The Education Ministry is planning a series of reforms, in cooperation with the Secondary School Teachers Association, relating to high-school matriculation (bagrut) exams.

Education Ministry director general Shlomit Amichai said yesterday that the proposed changes are intended to "return education to the schools, and to reduce the possibility of endless examinations."

Teacher association chairman Ran Erez said the reforms are "an attempt to deal with all the 'bugs' that have entered the education system in recent years. From a practical, ethical and even financial perspective, it's necessary to cancel the winter exams and the summer make-up exams (moedei bet)."

Education Ministry officials and teachers have expressed dissatisfaction with the winter exams since they were instituted in 2001 by then education minister Limor Livnat. Some 146,000 students have taken these exams in recent years - many in mandatory subjects such as mathematics, English, history, Bible studies and so on.

Since the end of the high-school teachers' strike last December, a series of meetings on this subject has been held between the heads of the teachers' association and senior ministry officials.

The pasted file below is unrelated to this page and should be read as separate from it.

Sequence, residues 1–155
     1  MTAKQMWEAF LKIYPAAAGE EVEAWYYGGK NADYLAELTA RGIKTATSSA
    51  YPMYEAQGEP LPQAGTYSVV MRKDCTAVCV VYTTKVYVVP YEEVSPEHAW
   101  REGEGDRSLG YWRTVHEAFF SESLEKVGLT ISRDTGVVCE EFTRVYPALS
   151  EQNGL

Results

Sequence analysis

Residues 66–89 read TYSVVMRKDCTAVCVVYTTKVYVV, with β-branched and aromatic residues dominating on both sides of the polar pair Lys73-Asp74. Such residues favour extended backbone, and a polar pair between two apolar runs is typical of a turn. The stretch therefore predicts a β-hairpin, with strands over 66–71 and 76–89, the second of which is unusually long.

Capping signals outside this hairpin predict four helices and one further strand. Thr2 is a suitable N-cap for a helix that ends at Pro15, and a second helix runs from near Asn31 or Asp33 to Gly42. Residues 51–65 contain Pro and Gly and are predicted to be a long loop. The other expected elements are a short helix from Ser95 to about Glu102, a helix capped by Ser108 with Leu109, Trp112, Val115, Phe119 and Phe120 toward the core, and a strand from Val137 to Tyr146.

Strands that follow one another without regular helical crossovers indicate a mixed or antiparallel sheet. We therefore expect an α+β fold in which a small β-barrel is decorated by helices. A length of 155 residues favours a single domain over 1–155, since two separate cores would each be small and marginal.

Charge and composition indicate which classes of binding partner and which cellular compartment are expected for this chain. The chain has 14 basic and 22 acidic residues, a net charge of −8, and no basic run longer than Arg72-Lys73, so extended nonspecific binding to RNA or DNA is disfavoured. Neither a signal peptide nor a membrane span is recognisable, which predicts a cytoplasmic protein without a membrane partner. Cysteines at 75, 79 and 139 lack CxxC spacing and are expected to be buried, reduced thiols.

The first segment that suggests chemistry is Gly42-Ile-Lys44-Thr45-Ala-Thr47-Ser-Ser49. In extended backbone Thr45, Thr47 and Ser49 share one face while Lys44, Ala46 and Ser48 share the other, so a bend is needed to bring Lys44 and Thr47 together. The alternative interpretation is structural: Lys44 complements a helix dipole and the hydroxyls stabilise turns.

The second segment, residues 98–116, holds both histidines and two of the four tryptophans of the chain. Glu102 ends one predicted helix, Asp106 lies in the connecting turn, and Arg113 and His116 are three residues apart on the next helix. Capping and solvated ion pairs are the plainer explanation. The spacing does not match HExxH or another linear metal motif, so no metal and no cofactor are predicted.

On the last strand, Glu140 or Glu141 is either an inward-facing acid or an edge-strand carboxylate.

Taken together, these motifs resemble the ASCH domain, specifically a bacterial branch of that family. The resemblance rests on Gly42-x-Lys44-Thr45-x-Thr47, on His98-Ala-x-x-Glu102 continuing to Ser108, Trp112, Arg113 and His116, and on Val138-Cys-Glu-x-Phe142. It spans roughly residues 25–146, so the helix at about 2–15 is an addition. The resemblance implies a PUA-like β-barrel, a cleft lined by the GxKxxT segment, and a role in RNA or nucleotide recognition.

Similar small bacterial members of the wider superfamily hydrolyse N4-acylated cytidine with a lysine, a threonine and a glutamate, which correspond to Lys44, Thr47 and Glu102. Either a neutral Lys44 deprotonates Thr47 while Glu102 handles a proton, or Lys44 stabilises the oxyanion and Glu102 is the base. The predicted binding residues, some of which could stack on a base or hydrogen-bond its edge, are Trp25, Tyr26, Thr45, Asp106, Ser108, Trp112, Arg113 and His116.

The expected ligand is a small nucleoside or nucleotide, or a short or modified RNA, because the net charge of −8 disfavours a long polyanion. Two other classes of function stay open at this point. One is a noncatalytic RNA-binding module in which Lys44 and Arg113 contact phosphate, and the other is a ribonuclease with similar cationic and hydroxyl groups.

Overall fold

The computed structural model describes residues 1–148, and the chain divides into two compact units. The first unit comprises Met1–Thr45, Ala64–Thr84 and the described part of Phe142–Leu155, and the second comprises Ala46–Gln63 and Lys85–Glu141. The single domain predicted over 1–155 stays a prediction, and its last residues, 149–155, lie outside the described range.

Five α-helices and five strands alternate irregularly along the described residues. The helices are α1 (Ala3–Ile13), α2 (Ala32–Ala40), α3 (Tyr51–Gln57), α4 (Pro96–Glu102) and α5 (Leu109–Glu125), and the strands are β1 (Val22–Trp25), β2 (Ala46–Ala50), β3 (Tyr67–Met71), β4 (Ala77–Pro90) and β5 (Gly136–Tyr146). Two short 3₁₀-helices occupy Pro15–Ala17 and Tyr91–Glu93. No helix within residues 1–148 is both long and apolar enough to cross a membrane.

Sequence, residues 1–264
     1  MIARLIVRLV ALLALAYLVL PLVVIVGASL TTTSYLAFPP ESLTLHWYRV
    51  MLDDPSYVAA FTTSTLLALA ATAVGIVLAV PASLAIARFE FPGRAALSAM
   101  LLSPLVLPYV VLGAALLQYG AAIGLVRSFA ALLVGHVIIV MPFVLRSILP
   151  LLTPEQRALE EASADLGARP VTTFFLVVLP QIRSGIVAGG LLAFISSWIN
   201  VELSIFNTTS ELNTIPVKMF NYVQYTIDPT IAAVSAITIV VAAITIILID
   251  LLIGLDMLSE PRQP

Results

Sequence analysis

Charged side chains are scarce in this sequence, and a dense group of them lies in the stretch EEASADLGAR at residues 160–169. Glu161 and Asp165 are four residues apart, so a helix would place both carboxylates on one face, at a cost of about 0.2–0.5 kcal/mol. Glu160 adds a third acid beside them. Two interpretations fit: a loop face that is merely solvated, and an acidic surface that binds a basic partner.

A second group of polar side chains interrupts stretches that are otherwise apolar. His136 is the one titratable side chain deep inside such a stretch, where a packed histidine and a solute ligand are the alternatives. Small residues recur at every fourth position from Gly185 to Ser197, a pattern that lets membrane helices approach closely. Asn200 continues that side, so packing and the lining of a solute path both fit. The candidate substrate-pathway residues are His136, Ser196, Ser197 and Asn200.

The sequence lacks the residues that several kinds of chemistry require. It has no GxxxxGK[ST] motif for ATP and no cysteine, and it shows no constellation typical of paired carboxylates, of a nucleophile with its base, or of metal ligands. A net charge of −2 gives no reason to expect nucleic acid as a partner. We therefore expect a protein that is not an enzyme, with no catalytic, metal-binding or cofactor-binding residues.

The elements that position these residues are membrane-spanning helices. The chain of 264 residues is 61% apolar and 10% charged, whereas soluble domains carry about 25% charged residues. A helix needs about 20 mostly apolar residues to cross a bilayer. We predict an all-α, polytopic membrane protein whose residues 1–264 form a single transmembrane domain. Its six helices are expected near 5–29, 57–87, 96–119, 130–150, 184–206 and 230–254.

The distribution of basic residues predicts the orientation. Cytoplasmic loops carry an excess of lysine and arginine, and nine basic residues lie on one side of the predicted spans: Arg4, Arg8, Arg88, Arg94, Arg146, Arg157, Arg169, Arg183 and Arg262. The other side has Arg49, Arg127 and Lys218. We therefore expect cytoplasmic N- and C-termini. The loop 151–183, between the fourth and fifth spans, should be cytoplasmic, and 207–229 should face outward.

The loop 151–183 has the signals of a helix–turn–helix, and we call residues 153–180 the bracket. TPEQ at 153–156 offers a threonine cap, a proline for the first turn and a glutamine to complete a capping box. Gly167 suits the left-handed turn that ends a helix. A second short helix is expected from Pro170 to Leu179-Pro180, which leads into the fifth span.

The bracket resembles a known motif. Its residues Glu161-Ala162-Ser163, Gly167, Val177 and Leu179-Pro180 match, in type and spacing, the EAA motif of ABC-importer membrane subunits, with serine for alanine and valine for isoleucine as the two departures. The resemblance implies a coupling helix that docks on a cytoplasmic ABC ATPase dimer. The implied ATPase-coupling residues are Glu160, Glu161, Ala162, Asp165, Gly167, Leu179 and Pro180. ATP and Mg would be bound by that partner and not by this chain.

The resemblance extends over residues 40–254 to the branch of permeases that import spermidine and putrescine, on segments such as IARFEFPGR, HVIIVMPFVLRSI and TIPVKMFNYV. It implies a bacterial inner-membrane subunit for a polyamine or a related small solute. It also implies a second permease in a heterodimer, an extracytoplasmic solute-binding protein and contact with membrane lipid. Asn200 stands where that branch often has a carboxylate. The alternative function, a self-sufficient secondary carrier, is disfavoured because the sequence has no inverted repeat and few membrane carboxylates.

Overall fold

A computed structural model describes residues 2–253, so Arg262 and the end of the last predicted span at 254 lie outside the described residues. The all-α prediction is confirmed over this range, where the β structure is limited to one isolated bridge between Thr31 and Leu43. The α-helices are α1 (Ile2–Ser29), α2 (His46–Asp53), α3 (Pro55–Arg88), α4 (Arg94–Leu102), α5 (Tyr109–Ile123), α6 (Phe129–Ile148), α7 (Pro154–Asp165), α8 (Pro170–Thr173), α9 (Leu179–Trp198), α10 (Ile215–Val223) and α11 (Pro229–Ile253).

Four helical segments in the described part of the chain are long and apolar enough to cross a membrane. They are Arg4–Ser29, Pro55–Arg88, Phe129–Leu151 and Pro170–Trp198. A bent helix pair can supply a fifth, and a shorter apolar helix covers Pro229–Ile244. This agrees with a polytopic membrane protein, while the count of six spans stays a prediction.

The details of the reforms are still being formulated, but so far they call for canceling the winter examinations and continuing actual classroom-teaching days until the end of the academic year, on about June 20. Under the current system, school is in session until the beginning of May in the upper grades, when the so-called "matriculation-exam season" begins.

Postponing matriculation tests until the end of June will require delaying the Israel Defense Forces' summer conscription date.

The Education Ministry is trying to determine whether to postpone all exams until after the end of the school year, or to allow some to be administered during the last week or two of classes.